Which one you should choose depends, then, on which is more adequate / convenient for the situation.


Is spot metering just an EV compensation?

No. Spot metering only measures a small area of the total image. It bases exposure calculations only on the small area which it measures and totally ignores the rest of the frame.

If I spot meter...can I achieve identical results with EV compensation?

It doesn't matter how one gets there. The same ISO, aperture value (Av), and time value (Tv - a/k/a "exposure time" or "shutter speed") will produce the same image of the same scene.

Or is spot metering more than just a generic EV adjustment based on your target area?

There is no EV adjustment inherent in spot metering. There is only an adjustment in the amount of the total frame that is being metered. The result of spot metering is based on what a correct exposure is calculated for the area of the "spot" being metered.

Assuming the "spot" being metered is in the center of the frame (a few cameras allow spot metering at other than the center of the frame, but most that even have spot metering do not):

  • If the entire frame is uniform in brightness, there will be no difference in the result of metering regardless of what metering method is used.
  • If the center of the frame is much brighter than the rest of the frame, spot metering will result in a darker exposure than other metering methods. This is because the camera wants the bright thing in the center to be exposed as a mid-tone (medium gray).
  • If the center of the frame is much darker than the rest of the frame, spot metering will result in a brighter exposure than other metering methods. This is because the camera wants the dark thing in the center to be exposed as a mid-tone (medium gray).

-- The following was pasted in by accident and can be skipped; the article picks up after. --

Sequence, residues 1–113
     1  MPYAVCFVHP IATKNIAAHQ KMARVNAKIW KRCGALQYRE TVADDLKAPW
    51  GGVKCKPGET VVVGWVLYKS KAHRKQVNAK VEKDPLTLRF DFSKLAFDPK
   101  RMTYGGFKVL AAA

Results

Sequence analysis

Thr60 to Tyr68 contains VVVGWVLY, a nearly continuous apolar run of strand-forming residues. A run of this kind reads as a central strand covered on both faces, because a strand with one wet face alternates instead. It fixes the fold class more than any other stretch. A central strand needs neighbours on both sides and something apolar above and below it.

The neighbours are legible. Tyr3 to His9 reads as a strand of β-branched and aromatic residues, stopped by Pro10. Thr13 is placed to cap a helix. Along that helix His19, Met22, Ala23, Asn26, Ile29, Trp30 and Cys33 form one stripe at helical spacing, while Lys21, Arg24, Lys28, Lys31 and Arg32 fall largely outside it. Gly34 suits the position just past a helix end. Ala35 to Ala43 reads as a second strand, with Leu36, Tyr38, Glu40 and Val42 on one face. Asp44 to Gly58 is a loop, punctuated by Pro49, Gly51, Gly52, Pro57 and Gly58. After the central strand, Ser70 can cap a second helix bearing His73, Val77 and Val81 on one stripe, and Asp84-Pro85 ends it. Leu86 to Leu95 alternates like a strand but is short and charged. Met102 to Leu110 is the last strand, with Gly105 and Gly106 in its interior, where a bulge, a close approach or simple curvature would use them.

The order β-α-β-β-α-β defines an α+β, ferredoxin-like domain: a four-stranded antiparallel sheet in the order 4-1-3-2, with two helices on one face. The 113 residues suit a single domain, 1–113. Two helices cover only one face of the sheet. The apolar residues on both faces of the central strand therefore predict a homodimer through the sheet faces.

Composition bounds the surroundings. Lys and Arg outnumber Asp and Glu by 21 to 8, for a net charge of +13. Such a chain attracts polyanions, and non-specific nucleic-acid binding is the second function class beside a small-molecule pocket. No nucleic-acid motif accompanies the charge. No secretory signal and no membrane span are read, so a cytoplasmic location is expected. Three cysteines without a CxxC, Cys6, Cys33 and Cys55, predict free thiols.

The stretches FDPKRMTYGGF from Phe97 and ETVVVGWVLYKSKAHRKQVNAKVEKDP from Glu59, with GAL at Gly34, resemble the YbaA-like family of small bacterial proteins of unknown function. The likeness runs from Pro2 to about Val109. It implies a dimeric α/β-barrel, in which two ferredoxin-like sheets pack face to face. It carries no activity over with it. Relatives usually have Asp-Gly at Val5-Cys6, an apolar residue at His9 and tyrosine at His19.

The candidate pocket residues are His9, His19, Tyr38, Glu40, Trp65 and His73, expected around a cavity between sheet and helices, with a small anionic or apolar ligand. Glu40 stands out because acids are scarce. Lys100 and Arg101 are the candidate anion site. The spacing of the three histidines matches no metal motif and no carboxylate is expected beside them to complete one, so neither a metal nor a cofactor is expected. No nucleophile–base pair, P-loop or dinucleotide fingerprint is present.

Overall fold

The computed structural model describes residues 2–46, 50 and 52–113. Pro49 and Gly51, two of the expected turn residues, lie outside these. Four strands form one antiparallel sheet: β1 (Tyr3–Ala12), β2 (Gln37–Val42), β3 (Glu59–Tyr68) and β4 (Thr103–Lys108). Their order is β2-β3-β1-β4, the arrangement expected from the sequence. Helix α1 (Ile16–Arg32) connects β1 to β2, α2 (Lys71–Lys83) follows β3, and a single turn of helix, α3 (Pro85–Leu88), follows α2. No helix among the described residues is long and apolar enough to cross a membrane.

So a photographer that is good with EV adjustments technically wouldn't need spot metering?

The best photographers typically use all of the many tools at their disposal at various times. One reason they are great photographers is because for a particular shooting situation they can look at the scene and recognize which tool will work best to give them the result they want.

Sometimes spot metering is the simplest and most effective way to get proper exposure of a specific area of the overall scene.

Sometime other methods are more useful for other types of scenes.

A Case Study

I shoot a lot of night sports outdoors under artificial lighting.

  • Why uncompensated Evaluative Metering doesn't work: If I were to use Evaluative metering with no Exposure Compensation the camera would recommend exposing the scene too bright because a lot of the frame includes dark sky or areas outside the stadium that are much darker than the field of play. The camera thinks it needs to make these areas bright enough to see details. Well, except when one or more of the stadiums light towers are in the scene and the camera wants to expose too dark.
  • Why uncompensated Spot Metering doesn't work: Most sporting events involve one team with white jerseys and another team with colored jerseys that are usually fairly dark. Spot metering on either would not give proper exposure. If the white jerseys were spot metered, the camera would expose them as medium gray and the entire scene would be too dark. If the darker jerseys were spot metered, the camera would expose them as medium gray and the entire scene would be too bright.